This just kind of makes me go ARGH. I think Lon has nailed it on the head, and I'm trying not to throw my hands up and give up. If the response to a technical clarification is an emotional outburst, no amount of clarifying the technical terms will assuage the emotional problem. But no amount of emotional outburst will actually change the need for the technical clarification, either. So you're at an impasse. As a religious scholar, words like "Pantheism" and "Panentheism" mean very different things to me. "Monism" is very clearly different from "Monotheism". But to people who aren't familiar with all these words, "Monotheism" and "Monism" sound interchangeable, and the difference between "Pantheism" and "Panentheism" is hard to understand. "Polytheism" seems really straight forward to me, but that doesn't mean it's straight forward to anyone who isn't used to it as a technical term. Where does Polytheism end and Syncretism begin? Or do they overlap? Is one required for the other? It wouldn't be that hard to write up a glossary, but if what Lon is saying is true, I'm not sure a glossary is the only thing missing. Still, I should write up a glossary soon, just for the sake of having it, I suppose... [Edited to add] This may need some clarification: I'm not saying it's stupid to HAVE an emotional outburst, I'm saying that it's frustrating to realize that the problem one has been trying to solve isn't the problem the other person is actually having. Part of Lon's point, and part of my realization, is that the difference here is that what is to someone like me a technical term, is to other people an identity label. Moreover, that identity label: "Polytheist", has become equated so consistently with another identity label: "Pagan", that there is confusion when someone points out that the movement of Paganism encompasses a much wider range of theology than the term "Polytheism" encompasses, and that many people who are indeed "Pagan" are not necessarily accurately described with the technical term of "Polytheist". But for people who equate the two as identity labels, trying to say "No, the beliefs you describe aren't polytheism" or even "the beliefs you describe ARE polytheism, but they're not the only form.", it feels like being told, "You aren't YOU. You're not allowed to think you're you anymore." and that's incredibly threatening. Naturally, that leads to a very strong emotional response. Moreover, it leads to a very strong emotional response that can't be assuaged via clarification of the technical terms alone. Which means any attempts so far that have been grounded in clarifying the terms have be nearly useless, because they're not addressing the underlying problem of people feeling threatened around major identity labels by which they define themselves, their lives, and their experiences. That's no small thing - and it means we have a LOT more work ahead of us than I thought we had when this all started. --Ember--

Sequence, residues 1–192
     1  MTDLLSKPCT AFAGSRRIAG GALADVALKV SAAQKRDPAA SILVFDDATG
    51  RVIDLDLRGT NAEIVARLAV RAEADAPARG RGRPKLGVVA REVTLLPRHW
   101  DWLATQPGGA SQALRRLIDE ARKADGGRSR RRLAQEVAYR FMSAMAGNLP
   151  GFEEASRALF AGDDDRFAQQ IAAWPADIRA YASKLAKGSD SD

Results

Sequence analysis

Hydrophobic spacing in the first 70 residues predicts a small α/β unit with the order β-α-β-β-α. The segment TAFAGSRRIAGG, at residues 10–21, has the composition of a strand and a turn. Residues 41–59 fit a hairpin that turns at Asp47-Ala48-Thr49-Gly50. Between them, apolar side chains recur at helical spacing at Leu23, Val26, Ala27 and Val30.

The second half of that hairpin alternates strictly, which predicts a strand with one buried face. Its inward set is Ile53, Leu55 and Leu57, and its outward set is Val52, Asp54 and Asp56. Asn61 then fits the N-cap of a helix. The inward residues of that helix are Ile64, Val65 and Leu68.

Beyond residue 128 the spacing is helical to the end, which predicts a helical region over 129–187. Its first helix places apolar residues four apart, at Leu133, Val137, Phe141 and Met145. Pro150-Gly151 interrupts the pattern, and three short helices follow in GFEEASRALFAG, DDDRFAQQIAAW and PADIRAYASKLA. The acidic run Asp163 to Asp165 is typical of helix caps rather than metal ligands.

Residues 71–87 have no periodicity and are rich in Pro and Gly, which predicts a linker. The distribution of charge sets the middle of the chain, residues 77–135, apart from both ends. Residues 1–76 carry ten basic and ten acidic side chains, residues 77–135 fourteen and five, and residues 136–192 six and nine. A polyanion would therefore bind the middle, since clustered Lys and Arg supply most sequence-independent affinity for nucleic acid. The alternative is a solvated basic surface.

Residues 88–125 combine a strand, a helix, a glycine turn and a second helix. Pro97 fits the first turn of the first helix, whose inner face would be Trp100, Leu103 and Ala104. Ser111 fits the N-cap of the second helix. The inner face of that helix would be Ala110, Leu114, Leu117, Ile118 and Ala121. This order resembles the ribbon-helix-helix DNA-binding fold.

Tags » Panentheism
Join Sister Abigail at Oasis Interfaith Ministry as she discusses the evolution of her faith in the last couple of years. I am not sure why this happens but often when re-blogging a post from one of my other blogs the video does not play here at The Sister Abigail Show. To watch a video just click the "view original" link below. The video will then play.
I just finished John W. Cooper’s masterful work Panentheism: The Other God of the Philosophers yesterday. It’s often charged that ‘classical theism’, the Augustinian tradition of theological reflection held broadly across Catholic, Lutheran, and Reformed traditions, is ‘the God of the philosophers’ that was forged via the synthesis of Greek Philosophy and the Gospel. 526 more words